It is a truism to state that the assumptions we hold, consciously known or not, determine or shape the conclusions we reach. A Christian theologian who brings the assumption finitum non capax infiniti to the table will almost invariably end up with a theology that is near-kin to certain points of Calvinism. Another Christian theologian, assuming grace to be a thing, will, more likely than not, come to conclusions concerning grace falling in the neighborhood of the Roman Catholic position, or that of one of its (often enthusiast, often so-called “Evangelical”) cousins.

There are thus, it seems, two means of resolving conflicts between theological positions: to use unassailable argumentation to bring others to a position (which, for reasons stated above, will almost never work — arguments are, sadly, 99.9% of the time, useful for those who believe them already); or to go the route of the burning bosom, appealing to what feels right in combination with helpful appeals to history, or a preponderance of evidence through sanctity, or miracles, or what have you, which serve to buttress positive-towards-the-new-position-but-still-wavering feelings.

What if there were a third means of resolving such conflicts, one which does not appeal to the most airtight argument or to the feeling in one’s belly — or which does not rest on prior (agreed-on?) metaphysical assumptions? Here I suggest that there is already a model and example of such a way, one which has been hiding under our noses for at least five centuries, which has been constantly studied, used, and referenced, but which has had its method — unlike its content — left, rarely examined, by the wayside.

This post is the first in a series of posts on the relationship (if there is one) between metaphysical presuppositions and the Augsburg Confession.

[1] *ism + *istic. An ugly neologism, to be sure, but useful nevertheless.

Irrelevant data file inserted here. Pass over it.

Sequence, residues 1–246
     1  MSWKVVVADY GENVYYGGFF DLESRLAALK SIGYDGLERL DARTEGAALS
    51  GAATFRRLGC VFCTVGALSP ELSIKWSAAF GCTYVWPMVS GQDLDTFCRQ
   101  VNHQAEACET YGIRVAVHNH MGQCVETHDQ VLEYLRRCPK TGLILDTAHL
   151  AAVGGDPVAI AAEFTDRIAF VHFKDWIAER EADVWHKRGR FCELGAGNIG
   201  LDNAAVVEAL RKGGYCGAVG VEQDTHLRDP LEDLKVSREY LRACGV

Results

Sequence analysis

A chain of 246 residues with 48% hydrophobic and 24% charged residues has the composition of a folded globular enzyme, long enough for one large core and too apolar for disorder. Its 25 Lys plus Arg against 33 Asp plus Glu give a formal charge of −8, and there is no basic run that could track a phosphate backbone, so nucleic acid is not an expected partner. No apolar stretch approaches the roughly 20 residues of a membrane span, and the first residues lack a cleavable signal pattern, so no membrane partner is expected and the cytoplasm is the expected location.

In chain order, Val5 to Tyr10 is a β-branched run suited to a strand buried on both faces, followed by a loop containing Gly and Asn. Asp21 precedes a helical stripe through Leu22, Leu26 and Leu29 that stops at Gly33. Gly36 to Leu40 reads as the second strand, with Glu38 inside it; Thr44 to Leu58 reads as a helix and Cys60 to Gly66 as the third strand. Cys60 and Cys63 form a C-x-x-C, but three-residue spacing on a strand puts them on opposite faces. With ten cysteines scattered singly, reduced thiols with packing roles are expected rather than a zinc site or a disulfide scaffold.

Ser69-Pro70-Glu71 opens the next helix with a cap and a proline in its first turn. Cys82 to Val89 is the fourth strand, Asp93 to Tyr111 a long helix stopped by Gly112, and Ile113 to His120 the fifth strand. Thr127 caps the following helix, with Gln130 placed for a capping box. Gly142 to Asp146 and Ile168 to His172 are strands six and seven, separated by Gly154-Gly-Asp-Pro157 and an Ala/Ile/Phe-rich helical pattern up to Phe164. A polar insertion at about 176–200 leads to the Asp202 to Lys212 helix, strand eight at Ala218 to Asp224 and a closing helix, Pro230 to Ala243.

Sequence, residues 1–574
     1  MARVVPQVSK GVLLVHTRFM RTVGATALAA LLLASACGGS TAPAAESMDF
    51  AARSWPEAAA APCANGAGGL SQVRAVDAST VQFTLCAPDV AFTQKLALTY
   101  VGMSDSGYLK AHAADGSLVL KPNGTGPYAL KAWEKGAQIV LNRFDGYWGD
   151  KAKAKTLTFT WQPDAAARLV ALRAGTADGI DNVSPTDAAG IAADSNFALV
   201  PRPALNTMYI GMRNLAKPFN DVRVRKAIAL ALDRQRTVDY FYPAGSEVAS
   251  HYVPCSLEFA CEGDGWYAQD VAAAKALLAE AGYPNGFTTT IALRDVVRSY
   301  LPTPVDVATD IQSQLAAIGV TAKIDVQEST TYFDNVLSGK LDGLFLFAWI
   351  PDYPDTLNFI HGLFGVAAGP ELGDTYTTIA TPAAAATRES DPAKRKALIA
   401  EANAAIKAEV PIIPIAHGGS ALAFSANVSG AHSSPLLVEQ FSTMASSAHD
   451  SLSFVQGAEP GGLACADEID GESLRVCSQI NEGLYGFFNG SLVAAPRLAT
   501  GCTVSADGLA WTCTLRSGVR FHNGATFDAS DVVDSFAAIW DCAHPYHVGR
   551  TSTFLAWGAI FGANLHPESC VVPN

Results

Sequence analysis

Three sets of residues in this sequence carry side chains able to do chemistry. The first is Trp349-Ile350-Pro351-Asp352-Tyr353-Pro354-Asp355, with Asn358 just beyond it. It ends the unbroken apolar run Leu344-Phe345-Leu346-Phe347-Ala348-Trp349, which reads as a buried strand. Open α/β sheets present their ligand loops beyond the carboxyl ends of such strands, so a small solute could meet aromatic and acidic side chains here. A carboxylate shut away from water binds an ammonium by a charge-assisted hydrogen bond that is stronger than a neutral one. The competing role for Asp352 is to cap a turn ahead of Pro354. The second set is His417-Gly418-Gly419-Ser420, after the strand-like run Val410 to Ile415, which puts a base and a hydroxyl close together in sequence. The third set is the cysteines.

[2] Thus, the Coming Home Network International.

[3] As there would be no groups with such names if this were not a common feeling for already-Christian converts to Roman Catholicism.

[4] Most official ecumenical dialogues resemble the former; the Joint Declaration on the Doctrine of Justification is an example of the latter.

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3 January 2018 at 2:04 pm

Allergic to the Word of God

Look over the history of the Church: when a teacher within the Church, such as Luther, is flatly rejected by many of their peers, it is almost always for one of two reasons. The first is that there are those who are plainly not teaching in line with Scripture; so much so, it must be said, that it cannot be denied or retconned into believability, and they are ruled right out. The second is that there are those — again, to use Luther as an example — who are teaching in line with Scripture, and do so by taking Scripture seriously for what it says, and not for how we might wish it to speak. These are rejected because they refuse to go along to get along, to let whichever popular scaffolding around the text speak for the text, and demand that the Word be listened to. Pay close attention to what is pointed out by those who have been rejected for this second reason.

Written by pastor

2 January 2018 at 3:35 pm

Posted in Weekly Notice

Names

It is worth taking time to consider that the northern kingdom retained the name “Israel,” while the southern kingdom did not. It is not unusual for the least faithful party to retain the most faithful name.

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3 November 2017 at 6:21 pm

Posted in Weekly Notice

People Get Excited

The fewer the number of relevant Bible passages concerning an issue, the more ink is spilled.

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3 November 2017 at 6:10 pm

Posted in Weekly Notice